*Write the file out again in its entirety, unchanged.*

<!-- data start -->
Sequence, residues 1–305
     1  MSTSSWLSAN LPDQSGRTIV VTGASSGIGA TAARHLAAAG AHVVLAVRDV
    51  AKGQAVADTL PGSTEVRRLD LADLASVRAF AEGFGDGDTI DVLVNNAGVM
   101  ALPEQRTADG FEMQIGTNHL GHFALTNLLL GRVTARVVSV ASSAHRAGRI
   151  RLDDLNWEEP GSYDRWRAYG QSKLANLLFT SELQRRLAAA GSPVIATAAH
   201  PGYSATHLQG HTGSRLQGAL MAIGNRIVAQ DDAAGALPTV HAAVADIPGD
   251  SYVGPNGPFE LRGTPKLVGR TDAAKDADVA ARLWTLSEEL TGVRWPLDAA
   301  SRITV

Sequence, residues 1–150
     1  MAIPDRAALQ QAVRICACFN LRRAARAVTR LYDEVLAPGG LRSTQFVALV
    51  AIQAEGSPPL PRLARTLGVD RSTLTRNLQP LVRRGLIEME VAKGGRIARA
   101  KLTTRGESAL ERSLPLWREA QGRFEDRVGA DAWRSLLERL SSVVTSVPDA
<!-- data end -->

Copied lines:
Sequence, residues 1–305
     1  MSTSSWLSAN LPDQSGRTIV VTGASSGIGA TAARHLAAAG AHVVLAVRDV
    51  AKGQAVADTL PGSTEVRRLD LADLASVRAF AEGFGDGDTI DVLVNNAGVM
   101  ALPEQRTADG FEMQIGTNHL GHFALTNLLL GRVTARVVSV ASSAHRAGRI
   151  RLDDLNWEEP GSYDRWRAYG QSKLANLLFT SELQRRLAAA GSPVIATAAH
   201  PGYSATHLQG HTGSRLQGAL MAIGNRIVAQ DDAAGALPTV HAAVADIPGD
   251  SYVGPNGPFE LRGTPKLVGR TDAAKDADVA ARLWTLSEEL TGVRWPLDAA
   301  SRITV

Sequence, residues 1–150
     1  MAIPDRAALQ QAVRICACFN LRRAARAVTR LYDEVLAPGG LRSTQFVALV
    51  AIQAEGSPPL PRLARTLGVD RSTLTRNLQP LVRRGLIEME VAKGGRIARA
   101  KLTTRGESAL ERSLPLWREA QGRFEDRVGA DAWRSLLERL SSVVTSVPDA